quency of large floods has changed (Baker, 2000). Data on past hydrological conditions from the upper Mississippi River (Knox, 2000) and from sediments in the Gulf of Mexico (Brown et al., 1999) record large, abrupt shifts in flood regimes in the Holocene, which may have been linked to major jumps in the location of the lower Mississippi (delta-lobe switching). In the western United States, there is growing evidence that flood regimes distinctly different from today, and also episodic in time, were the norm rather than the exception. The frequency of large floods in the Lower Colorado River Basin, for example, appears to have varied widely over the last 5,000 years (Ely et al., 1993; Enzel et al., 1996), with increased frequency from about 5,000-4,000 years ago, then lower frequency until about 2,000 years ago, and some abrupt shifts up, down, and back up thereafter (Ely, 1997). Those flood-frequency fluctuations and substantial fluctuations elsewhere around the world (e.g., Gregory et al., 1995; Baker, 1998; Benito et al., 1998) appear to be linked to climate shifts but in poorly understood ways. Clearly, a predictive understanding of megadroughts and large floods must await further research.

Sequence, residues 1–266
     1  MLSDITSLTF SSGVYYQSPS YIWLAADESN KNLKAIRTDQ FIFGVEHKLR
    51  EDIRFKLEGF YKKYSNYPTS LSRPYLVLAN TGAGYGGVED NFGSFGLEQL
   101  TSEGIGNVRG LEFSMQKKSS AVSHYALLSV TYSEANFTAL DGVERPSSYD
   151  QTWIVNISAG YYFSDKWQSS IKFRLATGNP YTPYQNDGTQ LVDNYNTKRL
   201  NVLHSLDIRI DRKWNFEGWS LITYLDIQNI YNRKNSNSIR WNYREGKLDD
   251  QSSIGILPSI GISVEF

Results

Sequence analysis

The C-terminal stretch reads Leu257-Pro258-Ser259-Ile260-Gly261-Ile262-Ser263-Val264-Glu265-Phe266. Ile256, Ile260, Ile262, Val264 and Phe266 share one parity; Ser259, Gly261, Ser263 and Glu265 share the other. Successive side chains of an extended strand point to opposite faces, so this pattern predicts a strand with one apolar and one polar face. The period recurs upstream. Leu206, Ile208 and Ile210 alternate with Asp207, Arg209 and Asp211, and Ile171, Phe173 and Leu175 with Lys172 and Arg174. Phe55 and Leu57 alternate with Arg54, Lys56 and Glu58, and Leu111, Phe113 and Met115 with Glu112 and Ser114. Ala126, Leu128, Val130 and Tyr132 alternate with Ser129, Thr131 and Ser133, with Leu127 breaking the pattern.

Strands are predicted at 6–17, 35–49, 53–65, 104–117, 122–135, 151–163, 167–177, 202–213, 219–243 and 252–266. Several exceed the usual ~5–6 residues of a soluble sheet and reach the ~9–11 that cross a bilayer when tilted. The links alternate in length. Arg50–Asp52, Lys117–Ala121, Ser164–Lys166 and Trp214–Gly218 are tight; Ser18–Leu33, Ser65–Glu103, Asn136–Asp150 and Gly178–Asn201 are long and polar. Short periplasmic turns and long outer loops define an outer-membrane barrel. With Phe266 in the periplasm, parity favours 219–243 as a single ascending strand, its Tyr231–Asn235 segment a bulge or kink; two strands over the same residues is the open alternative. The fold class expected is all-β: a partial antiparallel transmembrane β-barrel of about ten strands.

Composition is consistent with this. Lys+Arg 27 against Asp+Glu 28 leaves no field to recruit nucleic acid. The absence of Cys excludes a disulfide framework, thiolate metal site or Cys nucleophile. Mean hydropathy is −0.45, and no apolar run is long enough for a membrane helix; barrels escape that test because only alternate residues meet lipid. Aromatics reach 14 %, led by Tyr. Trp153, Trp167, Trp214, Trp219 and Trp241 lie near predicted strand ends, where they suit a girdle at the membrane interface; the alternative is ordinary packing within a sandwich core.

This observation about droughts and floods applies at some level to all the abrupt climate changes recorded in proxy records. The data are clear. Ice-age events were especially large and widespread and involved changes in temperature, precipitation, windiness, and so on. Holocene events were more muted in polar regions, might have been more regionalized, and usually involved water availability, but often with important temperature changes as well. Multi-characteristic global-anomaly maps are not available for any of the abrupt changes, and additional records and proxy techniques will be required to provide such anomaly maps. Coverage gaps appear especially large in the oceans and southern latitudes, although broad gaps also exist elsewhere.


Instrumental records from scientific monitoring programs offer the possibility of capturing directly the relevant data on abrupt climate change with greater accuracy and spatial coverage than are possible from the necessarily limited proxy records. The relatively short period of instrumental records means that they have missed most of the abrupt changes discussed above, although some droughts and the warming from the Little Ice Age have been captured rather well. Instrumental records will become more valuable as their length increases, which argues for maintenance of key

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